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Applying SROI and social value thinking to enhance impact – from not-for-profits to mining

Courtney Shearer is a financial analyst, management consultant and Certified Public Accountant with over four decades of experience. He is a Principal at Larkspur Consulting where he mainly advises not-for-profits, public organizations, and educational institutions. He has also worked with for-profit companies in the energy sector, and serves as the CFO of Common Good Mining, a BC Benefit Corp looking to do mining in a way that maximizes returns for everyone — stakeholders, shareholders, and the environment.  

Courtney took an SROI course with Social Value Canada, and we interviewed him about how he has applied the learning to his work.  

What was your motivation for taking the Social Value and SROI training course? 

Our Company, Larkspur Consulting Inc., provides capital project planning, funding strategy and project management services for Not-for-Profit organizations, post-secondary education organizations, school boards and First Nations communities.  

Taking the SROI training was a means to enable us to show many grant and government funders how Social Value is a very important and tangible portion of the overall benefits that those organizations and communities create for society.  The social values were previously to be seen as “soft” benefits, but SROI allows many of these to be monetized now, so the overall greater economic impact on society can be realized.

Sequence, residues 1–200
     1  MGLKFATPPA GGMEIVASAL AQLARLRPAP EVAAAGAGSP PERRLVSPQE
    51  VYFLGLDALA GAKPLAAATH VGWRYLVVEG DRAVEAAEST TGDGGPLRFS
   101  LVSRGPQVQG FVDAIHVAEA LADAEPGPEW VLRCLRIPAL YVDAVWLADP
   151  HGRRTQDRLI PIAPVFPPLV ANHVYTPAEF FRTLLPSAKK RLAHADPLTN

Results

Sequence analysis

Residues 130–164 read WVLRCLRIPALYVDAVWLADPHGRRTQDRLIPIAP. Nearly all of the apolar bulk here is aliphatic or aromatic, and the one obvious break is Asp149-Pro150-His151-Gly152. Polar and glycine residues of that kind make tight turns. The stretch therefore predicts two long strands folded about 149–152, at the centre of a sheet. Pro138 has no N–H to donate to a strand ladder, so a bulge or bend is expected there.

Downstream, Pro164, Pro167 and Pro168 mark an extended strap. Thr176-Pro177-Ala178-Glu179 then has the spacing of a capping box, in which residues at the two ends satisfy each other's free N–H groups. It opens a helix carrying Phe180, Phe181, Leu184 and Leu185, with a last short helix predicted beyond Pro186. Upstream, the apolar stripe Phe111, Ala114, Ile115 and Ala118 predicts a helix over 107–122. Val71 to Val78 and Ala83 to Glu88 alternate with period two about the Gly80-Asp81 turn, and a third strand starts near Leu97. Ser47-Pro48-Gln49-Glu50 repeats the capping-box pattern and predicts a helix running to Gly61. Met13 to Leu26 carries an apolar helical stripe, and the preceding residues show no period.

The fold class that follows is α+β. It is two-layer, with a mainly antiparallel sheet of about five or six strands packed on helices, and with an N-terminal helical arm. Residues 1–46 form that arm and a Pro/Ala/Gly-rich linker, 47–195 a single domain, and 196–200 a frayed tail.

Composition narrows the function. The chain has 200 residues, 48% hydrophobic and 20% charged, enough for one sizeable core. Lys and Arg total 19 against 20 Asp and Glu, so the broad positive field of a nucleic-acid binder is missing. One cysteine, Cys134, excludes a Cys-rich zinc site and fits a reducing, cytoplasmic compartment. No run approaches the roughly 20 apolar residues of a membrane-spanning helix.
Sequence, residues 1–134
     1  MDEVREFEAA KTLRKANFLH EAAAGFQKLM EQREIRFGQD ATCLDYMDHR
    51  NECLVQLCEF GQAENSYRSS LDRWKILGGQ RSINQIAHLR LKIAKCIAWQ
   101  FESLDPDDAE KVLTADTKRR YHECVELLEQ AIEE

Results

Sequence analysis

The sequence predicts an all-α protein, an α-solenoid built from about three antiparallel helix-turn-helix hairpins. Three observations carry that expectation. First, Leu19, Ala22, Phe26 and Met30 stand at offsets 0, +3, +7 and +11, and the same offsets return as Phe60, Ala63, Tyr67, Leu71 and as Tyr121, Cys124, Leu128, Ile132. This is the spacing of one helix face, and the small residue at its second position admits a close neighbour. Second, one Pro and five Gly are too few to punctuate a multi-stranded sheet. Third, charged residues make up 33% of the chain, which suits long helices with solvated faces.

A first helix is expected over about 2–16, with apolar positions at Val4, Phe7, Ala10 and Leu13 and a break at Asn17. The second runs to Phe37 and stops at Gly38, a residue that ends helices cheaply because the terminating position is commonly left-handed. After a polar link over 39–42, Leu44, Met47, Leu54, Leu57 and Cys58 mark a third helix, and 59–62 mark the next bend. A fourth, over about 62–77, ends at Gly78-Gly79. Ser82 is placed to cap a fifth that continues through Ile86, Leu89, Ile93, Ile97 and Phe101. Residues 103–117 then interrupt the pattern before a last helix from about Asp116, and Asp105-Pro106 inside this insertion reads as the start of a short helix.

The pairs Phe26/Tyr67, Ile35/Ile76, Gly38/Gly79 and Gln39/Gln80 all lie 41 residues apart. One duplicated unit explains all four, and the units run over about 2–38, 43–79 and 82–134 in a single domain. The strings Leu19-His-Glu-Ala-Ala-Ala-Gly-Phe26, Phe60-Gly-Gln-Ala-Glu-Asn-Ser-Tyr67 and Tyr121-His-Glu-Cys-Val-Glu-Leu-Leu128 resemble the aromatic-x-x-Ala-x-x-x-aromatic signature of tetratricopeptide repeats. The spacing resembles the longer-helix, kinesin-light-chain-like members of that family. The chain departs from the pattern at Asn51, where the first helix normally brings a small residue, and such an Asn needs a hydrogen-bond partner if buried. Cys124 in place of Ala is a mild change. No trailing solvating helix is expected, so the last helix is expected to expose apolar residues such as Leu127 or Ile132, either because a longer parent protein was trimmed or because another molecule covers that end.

What was your experience of the course(s)? 

I learned enough to perform a forecasting SROI for – a Calgary client. This was for a business case that Larkspur had prepared for them to show the impacts and benefits for getting high-acuity (e.g., mental health, substance abuse and physical health issues) clients into a proposed Place-Based Supportive Housing facility.  

I worked with a Canadian Level 3 Practitioner which enabled me to present the SROI analysis with confidence that it aligned to SVI norms and practice. 

How have you applied the training, and social value thinking, to your work with Common Good Mining?  

Common Good Mining is looking to engage communities and have both financial and social partnerships with them in order to develop mineral properties for economic and social value.  

We are looking to have a relationship with a First Nation such that they are interested in participating in an SROI to show how our new mining model with a community partnership providing mutual governance, can create many positive financial and environmental impacts along with overarching positive social values. 

How does Common Good Mining create social value?  

By having a very small footprint mine and processing, the environmental footprint is greatly reduced.  The mine will be looking to utilize alternate energy sources that may be left in place for the community and long-term benefit. Examples of this could be any of: small hydroelectric, solar, wind or geothermal. 

What excites you about Social Value Canada and our mission? 

To enable funders and governments to see the tangible value created in social impacts and values in a way that people who normally judge business cases and business plans solely on financial benefits can interpret and understand.